Reply
  • kevinrs
    Chainsaw said:
    Adapt and improvise. Carriers are huge and moving berthing around to have a make shift quarantined area does not seem impossible. Besides, only the serious covid19 cases need hospitalization and it's very rare that someone under 50 becomes serious.

    Btw, how did the SanFran Chronicle acquire this request?
    relatively they are huge, but with 4000 crew, there isn't a lot of spare space. It might seem like there would be, but 4000 is a lot, and much of the ship's volume is taken up by the mechanics of the ship, aircraft it's carrying, etc. The problem is they need to separate all 4000 from each other because half of those carrying the virus probably aren't showing symptoms, and even if 4000 tests are sent, it takes 2-3 days to get results.
    Reply
  • wmgrimball
    The CO should get tents and cots from Guam and set up a hospital on the flight deck. Doctors and equipment needed for care could be flown in from Hawaii or the ststes. That way the sick would be separated from the rest of the crew. This solution could be effected in a minimum time frame.
    Reply
  • rbjones
    Really? In this day and age, the commander wrote a letter begging for help? A letter? So the satellite communications and secure transmissions weren't available? I'm calling BS on this one. The Captian begging? In whose Navy do captains beg? They take action. BTW 5,000 onboard, most under 40, few over 60, none with serious underlying health conditions, fully equipped sickbay and staff, ability to fly off personnel as needed, fully able to segregate and quarantine as needed.......... this is not a critical situation that can't be handled through the normal process.
    Reply
  • rbjones
    admin said:
    The captain of a Naval aircraft carrier is asking for help as at least 100 Sailors aboard have been diagnosed with coronavirus.

    'Sailors do not need to die': Captain of aircraft carrier begs for help with onboard COVID-19 outbreak : Read more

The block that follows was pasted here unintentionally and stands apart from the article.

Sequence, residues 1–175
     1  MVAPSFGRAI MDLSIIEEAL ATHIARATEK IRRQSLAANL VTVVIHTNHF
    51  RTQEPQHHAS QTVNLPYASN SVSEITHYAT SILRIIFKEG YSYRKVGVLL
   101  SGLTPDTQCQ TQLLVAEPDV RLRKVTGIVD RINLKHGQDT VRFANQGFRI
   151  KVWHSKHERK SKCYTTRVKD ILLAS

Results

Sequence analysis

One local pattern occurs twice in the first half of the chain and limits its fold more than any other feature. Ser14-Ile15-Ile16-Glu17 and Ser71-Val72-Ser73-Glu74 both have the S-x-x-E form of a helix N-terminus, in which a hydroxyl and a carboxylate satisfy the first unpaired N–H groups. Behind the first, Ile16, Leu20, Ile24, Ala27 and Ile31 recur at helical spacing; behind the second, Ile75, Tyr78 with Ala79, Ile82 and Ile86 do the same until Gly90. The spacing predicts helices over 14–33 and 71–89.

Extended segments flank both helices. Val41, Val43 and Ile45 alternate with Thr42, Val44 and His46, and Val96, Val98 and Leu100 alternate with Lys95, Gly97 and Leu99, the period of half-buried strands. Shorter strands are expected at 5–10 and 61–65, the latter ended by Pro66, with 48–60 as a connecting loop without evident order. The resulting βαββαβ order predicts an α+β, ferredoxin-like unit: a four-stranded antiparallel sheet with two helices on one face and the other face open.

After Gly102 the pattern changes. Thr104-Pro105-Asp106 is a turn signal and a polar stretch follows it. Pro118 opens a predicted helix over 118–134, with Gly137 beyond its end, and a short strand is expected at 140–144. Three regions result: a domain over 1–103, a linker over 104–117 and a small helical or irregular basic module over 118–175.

100 out of 5,000 diagnosed? How many are sick and need hospitalization? Any of those need ICU? Any deaths? Lots of details missing here.
    Reply
  • Chainsaw
    kevinrs said:
    relatively they are huge, but with 4000 crew, there isn't a lot of spare space. It might seem like there would be, but 4000 is a lot, and much of the ship's volume is taken up by the mechanics of the ship, aircraft it's carrying, etc. The problem is they need to separate all 4000 from each other because half of those carrying the virus probably aren't showing symptoms, and even if 4000 tests are sent, it takes 2-3 days to get results.
    If you compare this vessel to the Diamond Princess cruise vessel that had 3500 people, only 20% (700) got infected, not 50%. The whole hanger bay can be unloaded of aircraft by flying them to Guam. Unloading a carrier of aircraft happens every time a carrier comes home, not a big deal to do. With the Hanger Bay vacant, surely a make shift quarantined area can be constructed.
    Reply
  • Brian
    Sailor's on a Carrier like tourists stuck on a cruise ship is not a good thing.
    Very hard to stop onboard.
    Hope the Navy is being exceptionally careful about how they are preparing the food so they are not feeding the virus the Crew.
    IMO one of the reasons the virus is so hard to stop on cruise ships is that food is being contaminated in the ship's kitchen an then delivered to the passengers.
    Reply
  • ejbriel
    The crew of an aircraft carrier is not going to have the same population of at-risk people as a cruise ship--quite the opposite I would hope. I thought the captain and crew should have sucked it up--or at least make damn sure the press didn't get hold of his "plea".

    And the navy cashiered the captain today.
    Reply